The very mission of Jewish National Fund symbolizes hope in the future. Hope that through the vision of JNF we can influence the reality of life in Israel today. JNF is the embodiment of hope to improve the quality of life of all the inhabitants of Israel. Notwithstanding the complexities and competing issues of dealing with everyday life in Israel, JNF offers a practical opportunity to leave a legacy of hope and belief in the future.

JNF Speakers Bureau

Jewish National Fund has one of the top Speakers Bureaus in the country! Please take a moment to review the December Speakers Bureau newsletter, which highlights speakers who will be available over the next several months. View the calendar.


On this week’s episode of IsraelCast, we welcome Nitsana Darshan-Leitner, the president of Shurat HaDin, a Tel- Aviv-based law center that represents the families of hundreds of terrorist attack victims in lawsuits world-wide.  Nitsana was recognized by Forbes Israel as one of the 50 most-influential Israeli women of 2016, and by the Jerusalem Post as one of the most influential Jews. Together with special operations and counter terrorism experts, Nitsana recently co-authored Harpoon: Inside the Covert War Against Terrorism's Money Masters with Shmuel Katz. Click here to listen.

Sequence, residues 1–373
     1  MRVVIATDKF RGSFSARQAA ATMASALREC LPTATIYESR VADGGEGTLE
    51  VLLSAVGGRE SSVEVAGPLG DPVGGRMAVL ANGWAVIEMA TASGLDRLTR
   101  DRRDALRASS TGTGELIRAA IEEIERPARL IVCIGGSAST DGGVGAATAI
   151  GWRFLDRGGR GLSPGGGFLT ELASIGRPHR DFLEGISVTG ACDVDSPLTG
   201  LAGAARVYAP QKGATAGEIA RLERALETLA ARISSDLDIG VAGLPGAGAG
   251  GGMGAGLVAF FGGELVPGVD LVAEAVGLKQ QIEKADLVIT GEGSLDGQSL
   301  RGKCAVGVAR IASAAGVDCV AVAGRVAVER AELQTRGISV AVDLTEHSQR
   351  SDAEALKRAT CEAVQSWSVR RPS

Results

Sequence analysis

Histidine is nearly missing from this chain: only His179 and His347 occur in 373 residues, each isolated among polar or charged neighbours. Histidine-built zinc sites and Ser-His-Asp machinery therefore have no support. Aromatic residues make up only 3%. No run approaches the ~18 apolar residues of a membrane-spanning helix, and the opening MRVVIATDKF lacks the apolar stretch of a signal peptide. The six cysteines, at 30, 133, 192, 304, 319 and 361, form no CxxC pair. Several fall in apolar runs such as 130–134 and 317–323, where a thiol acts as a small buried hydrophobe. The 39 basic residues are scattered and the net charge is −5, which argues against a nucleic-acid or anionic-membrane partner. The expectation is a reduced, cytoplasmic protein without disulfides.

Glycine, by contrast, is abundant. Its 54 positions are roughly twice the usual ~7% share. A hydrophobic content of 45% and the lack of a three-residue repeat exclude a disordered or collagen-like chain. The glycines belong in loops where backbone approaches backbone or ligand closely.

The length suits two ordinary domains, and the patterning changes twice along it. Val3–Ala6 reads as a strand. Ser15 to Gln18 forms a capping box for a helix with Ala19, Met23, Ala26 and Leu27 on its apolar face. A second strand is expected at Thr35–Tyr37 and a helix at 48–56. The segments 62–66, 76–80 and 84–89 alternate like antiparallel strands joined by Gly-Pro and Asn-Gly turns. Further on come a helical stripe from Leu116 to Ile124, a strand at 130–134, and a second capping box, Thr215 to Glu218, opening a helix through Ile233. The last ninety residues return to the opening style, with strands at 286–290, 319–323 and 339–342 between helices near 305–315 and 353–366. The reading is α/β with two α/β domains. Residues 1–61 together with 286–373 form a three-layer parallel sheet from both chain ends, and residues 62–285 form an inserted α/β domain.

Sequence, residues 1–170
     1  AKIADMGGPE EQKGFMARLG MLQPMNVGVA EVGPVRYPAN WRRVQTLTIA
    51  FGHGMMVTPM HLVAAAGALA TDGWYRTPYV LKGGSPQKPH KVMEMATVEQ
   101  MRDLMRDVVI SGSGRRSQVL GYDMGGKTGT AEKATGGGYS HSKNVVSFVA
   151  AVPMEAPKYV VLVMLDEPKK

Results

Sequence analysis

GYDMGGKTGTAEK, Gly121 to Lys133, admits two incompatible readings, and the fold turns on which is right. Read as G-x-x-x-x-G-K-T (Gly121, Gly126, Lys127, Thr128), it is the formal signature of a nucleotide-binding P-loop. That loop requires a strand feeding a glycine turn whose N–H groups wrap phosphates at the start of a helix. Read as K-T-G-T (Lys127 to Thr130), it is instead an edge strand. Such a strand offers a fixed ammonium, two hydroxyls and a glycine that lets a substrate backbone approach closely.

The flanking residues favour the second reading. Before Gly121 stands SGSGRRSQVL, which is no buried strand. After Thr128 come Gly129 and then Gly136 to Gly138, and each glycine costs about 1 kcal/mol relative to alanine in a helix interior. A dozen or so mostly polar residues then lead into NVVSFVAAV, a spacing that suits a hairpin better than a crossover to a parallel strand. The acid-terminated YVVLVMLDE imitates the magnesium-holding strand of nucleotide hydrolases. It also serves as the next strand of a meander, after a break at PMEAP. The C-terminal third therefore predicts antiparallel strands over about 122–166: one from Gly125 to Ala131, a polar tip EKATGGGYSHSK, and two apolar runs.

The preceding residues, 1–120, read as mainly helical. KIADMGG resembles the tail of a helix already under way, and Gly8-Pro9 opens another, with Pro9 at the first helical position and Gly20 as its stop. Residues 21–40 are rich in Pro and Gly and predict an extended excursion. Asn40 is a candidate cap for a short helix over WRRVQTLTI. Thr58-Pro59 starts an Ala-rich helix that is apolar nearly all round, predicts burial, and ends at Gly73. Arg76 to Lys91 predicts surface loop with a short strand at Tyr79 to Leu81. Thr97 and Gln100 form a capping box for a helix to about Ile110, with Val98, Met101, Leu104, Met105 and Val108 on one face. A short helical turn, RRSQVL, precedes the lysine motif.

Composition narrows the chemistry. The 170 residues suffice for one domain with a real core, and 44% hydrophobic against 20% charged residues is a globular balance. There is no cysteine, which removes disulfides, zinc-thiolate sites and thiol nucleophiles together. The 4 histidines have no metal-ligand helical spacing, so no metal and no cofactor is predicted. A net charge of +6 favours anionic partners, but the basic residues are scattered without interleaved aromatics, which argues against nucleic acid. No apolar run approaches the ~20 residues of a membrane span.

Dedication of the Biblical Gardens

Last Tuesday, JNF held a festive dedication at LOTEM for the biblical gardens, which were generously donated by Susan and Ben Gutmann. The gardens consist of three paths: the path of the Jewish calendar, the path of trees and vegetation, and the path of creation. Each path emphasizes a different approach to special needs education and includes learning stations, sensory experiences, and more traditional hiking experiences. During the dedication, the Gutmanns and other participants enjoyed the experience of hiking in the path of creation, which is the only challenging hike accessible for wheelchairs in Israel. Along the impressive trail, which blends into a magical Israeli landscape, there are six stops, each of which is a learning station about one day of creation, that engages in experiential learning through illustration and activity. To operate the trail, LOTEM needs five  all-terrain wheelchairs, at a cost of $ 20,000 each. The first chair was donated by Bob and Johan Oppenheimer, whose daughter is married to the Guttmanns’ son!